While the ad aired during the Super Bowl on January 22, it merely pointed to Macintosh’s official debut two days later. On January 24, 1984, Apple held its annual shareholders meeting at the Flint Center auditorium on the campus of De Anza College, just a block from Apple’s offices in Cupertino, California. After dispensing with the formalities of board votes and quarterly earnings statements, the real show began. Steve Jobs walked on stage in a double-breasted suit and bow tie and rallied the troops by tweaking his chief rival: “IBM wants it all and is aiming its guns on its last obstacle to industry control, Apple.  Will Big Blue dominate the entire computer industry, the entire information age?  Was George Orwell right?”

Jobs then presented perhaps the greatest new product demonstration in history. Jobs walked over to a black bag, unzipped it, and set up the Macintosh to wild applause.  Then Jobs inserted a floppy disk and started the demonstration of the Mac’s windows, menus, fonts, and drawing tools, all set to the stirring theme from Chariots of Fire. Then, the Mac spoke for itself: “Hello, I am Macintosh…”

So when you watch the Super Bowl on February 2 this year, it’s possible that the ads will overshadow the game. And for that you can thank Apple’s Macintosh, Chiat/Day and “1984.”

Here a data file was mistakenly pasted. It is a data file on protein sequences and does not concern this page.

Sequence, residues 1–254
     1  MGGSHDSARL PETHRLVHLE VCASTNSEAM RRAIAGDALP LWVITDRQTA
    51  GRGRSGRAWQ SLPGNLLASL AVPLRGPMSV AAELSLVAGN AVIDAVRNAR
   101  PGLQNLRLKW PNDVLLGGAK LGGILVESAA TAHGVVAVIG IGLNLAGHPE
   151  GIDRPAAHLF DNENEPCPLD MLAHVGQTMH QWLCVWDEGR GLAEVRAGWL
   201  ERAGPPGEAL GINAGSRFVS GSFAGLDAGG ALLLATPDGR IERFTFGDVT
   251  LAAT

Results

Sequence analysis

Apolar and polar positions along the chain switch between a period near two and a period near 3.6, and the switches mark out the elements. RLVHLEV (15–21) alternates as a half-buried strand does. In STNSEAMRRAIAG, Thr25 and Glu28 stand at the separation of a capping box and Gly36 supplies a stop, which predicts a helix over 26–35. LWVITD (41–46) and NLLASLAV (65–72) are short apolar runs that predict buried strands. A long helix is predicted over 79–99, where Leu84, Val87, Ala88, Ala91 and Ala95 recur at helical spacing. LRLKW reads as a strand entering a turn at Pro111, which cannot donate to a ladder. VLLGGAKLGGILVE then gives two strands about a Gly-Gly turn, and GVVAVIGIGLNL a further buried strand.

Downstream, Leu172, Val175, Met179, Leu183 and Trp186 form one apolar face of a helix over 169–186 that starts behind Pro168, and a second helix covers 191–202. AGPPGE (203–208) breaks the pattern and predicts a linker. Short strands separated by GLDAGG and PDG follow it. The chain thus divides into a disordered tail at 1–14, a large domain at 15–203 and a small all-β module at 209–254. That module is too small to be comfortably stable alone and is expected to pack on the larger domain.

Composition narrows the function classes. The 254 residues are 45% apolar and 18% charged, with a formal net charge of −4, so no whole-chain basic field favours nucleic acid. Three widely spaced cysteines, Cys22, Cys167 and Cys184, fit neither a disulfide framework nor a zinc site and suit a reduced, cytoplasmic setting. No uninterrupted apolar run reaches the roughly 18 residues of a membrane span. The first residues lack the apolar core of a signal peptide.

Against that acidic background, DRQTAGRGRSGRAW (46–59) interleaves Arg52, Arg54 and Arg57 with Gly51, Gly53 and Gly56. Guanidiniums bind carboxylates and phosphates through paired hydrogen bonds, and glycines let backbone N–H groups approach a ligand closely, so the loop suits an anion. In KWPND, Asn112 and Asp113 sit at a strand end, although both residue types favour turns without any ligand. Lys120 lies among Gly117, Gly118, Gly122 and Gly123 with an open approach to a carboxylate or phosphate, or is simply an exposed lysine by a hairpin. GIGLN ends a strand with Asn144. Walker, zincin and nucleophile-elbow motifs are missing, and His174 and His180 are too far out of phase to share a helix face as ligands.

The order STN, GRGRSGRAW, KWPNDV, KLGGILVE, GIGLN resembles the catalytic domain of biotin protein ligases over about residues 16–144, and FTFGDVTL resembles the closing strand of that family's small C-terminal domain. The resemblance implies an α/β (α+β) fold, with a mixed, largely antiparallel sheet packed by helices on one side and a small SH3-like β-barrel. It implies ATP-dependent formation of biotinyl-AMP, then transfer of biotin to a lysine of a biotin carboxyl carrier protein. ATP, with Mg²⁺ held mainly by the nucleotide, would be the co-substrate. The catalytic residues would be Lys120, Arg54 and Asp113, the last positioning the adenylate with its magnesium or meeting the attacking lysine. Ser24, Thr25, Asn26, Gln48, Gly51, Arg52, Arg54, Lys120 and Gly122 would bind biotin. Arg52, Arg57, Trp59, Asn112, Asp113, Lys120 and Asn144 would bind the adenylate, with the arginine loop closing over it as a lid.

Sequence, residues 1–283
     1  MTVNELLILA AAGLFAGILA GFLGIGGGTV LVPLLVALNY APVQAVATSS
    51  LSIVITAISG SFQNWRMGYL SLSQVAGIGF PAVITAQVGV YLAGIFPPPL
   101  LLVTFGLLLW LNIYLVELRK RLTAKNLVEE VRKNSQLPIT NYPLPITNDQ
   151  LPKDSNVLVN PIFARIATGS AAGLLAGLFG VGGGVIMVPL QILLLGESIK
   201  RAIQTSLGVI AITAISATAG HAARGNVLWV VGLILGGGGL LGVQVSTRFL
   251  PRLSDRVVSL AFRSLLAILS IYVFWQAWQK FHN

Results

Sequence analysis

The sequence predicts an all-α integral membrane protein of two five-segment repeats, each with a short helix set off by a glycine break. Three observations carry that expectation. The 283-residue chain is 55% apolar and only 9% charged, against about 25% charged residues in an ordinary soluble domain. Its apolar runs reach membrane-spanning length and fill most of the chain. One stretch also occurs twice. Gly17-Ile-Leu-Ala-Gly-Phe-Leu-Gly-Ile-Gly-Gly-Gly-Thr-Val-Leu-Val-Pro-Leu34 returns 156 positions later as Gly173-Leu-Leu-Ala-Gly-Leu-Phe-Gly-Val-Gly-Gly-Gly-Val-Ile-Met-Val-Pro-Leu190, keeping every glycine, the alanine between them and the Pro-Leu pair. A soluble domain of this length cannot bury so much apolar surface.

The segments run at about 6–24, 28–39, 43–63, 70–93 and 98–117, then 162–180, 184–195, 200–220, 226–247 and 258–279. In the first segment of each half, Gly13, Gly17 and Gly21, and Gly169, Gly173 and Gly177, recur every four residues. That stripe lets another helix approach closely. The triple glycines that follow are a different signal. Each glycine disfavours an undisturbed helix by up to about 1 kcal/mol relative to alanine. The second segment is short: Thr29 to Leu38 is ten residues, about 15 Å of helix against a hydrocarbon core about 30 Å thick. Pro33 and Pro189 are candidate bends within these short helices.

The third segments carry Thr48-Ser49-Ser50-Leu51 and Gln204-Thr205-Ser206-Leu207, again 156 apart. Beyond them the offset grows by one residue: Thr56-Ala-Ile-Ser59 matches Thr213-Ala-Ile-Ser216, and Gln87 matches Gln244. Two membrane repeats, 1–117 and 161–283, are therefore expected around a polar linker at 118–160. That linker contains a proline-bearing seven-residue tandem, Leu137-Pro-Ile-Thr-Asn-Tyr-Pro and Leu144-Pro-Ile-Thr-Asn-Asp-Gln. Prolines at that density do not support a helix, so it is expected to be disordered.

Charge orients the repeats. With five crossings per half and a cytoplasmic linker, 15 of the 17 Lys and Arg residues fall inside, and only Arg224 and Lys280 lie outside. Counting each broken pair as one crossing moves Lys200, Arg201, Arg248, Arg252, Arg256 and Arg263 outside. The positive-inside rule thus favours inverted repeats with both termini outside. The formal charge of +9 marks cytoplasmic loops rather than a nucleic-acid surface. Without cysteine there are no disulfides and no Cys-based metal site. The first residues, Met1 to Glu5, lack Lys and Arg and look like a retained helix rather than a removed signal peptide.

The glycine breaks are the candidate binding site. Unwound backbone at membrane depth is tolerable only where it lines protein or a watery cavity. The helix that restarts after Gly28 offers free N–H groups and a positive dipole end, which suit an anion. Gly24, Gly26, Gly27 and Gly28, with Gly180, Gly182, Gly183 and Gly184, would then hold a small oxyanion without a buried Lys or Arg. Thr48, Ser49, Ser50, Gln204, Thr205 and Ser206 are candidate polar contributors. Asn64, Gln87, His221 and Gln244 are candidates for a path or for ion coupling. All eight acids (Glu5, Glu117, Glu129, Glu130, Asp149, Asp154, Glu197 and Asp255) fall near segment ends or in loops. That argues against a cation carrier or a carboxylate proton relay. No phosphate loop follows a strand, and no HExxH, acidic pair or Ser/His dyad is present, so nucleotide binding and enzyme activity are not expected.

Revolutionary Invention: Hip-Hop and the PC

What do hip-hop music and personal computers have in common? They were both children of the turbulent 1970s, born to innovative people who, building on inventive skills and technologies, nurtured them through creativity, collaboration, risk taking, problem solving, flexibility, and hard work. As with all inventions, their parents created them using some existing technologies. Hip-hop music evolved from adaptations of sound recording and playback equipment, while personal computers were built on integrated circuits, or “microchips,” co-invented in 1959 by Robert Noyce of Silicon Valley.

Imagine the social, cultural, economic, and political upheavals in America during the 1960s and 1970s. Picture the urban decay happening in inner-city areas of many major metropolises. Then picture the suburban communities that had burgeoned after World War II, representing the American Dream of where and how to live. Within these vastly different contexts, the Bronx, New York, and Silicon Valley, California, became places of invention—for hip-hop music and personal computers, respectively.

From "Yes Yes Y'all." Photo by John Fekner, copyright Charlie Ahearn

By the 1970s, the Bronx served as a national symbol of urban blight. Cut off from the rest of New York City by the Cross-Bronx Expressway, the primarily black and Puerto Rican residents were left to their own devices to deal with crime, drugs, dilapidated housing, few public services, and fewer job opportunities. Meanwhile, across the country, the relatively new, sunny suburbs between San Jose and San Francisco (which became known collectively as “Silicon Valley”) attracted primarily middle- and upper-class white, well-educated residents, many of whom were employed by the rapidly growing semiconductor industry there. Unlike the Bronx, Silicon Valley already had a reputation as a place of invention.